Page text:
UPDATE: Feb. 28 -- Wisconsin Gov. Scott Walker deleted campus rape reporting requirements from his new two-year budget this month at the request of University of Wisconsin Systems. The network of campuses said the federal government already required them to report rape statistics, and the Wisconsin state requirement forced them to duplicate those efforts.
Wisconsin Gov. Scott Walker's (R) nearly $70 billion budget proposal deletes language requiring colleges to report their sexual assault statistics to new students and to the Department of Justice, Jezebel reported on Friday.
The budget, unveiled earlier this month, removes a requirement that directs "each institution and college campus to incorporate oral and written or electronic information on sexual assault in its orientation program for newly entering students and to supply all students enrolled in the institution or college campus with the same information in either printed or electronic form."
It also deletes the requirement that any university employee who witnesses a sexual assault must report that assault to the dean of students, the requirement that each school report sexual assault statistics annually to the DOJ, and the requirement compelling the DOJ to include those statistics in crime reports.
Walker's two-year spending plan does not appear to replace the rape reporting requirements with anything, and it's out of step with federal law. Colleges are currently required to incorporate prevention programs and information about sexual assault reporting options in orientation per the Violence Against Women Act, and they are required to report their sexual assault statistics annually to the DOJ.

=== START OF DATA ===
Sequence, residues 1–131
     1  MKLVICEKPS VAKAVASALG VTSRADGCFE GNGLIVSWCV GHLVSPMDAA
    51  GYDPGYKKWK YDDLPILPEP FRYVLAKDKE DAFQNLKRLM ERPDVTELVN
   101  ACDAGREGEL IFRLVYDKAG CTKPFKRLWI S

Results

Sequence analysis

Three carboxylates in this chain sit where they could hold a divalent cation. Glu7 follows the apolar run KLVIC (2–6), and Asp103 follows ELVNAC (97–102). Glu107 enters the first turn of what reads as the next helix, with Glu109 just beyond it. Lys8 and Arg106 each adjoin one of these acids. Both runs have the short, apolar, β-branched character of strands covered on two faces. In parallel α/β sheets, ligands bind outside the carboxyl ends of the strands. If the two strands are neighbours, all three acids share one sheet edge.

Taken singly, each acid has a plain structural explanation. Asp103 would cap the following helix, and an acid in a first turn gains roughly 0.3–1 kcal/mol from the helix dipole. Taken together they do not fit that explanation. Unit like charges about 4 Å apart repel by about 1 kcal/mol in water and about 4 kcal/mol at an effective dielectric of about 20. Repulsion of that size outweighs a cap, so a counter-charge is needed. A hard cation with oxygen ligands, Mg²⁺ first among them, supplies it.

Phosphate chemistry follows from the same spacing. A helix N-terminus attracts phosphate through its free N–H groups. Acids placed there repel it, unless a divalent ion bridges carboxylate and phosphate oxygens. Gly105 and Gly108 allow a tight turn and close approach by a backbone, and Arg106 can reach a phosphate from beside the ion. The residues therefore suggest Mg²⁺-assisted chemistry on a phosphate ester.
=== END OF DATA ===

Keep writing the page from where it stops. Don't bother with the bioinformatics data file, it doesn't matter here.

A spokesman for Walker said the University of Wisconsin system requested the deletion of provisions of "duplicative reporting requirements," since the federal government already requires reporting.
"Throughout his time in office, Governor Walker has made protecting victims of domestic violence and sexual assault a top priority," said Laurel Patrick, Walker's press secretary. "In his last budget, he increased funding for sexual assault victim services while also providing significant funding to support partnerships and state initiatives to shelter and protect victims of domestic abuse. His recent budget proposal increases funding to continue protecting victims and their families."
Walker's move follows a year of unprecedented attention on the epidemic of campus assault by the Obama administration and Congress. Ninety-seven colleges and universities are currently under federal investigation for mishandling sexual assaults on their campuses, according to the Department of Education's Office for Civil Rights.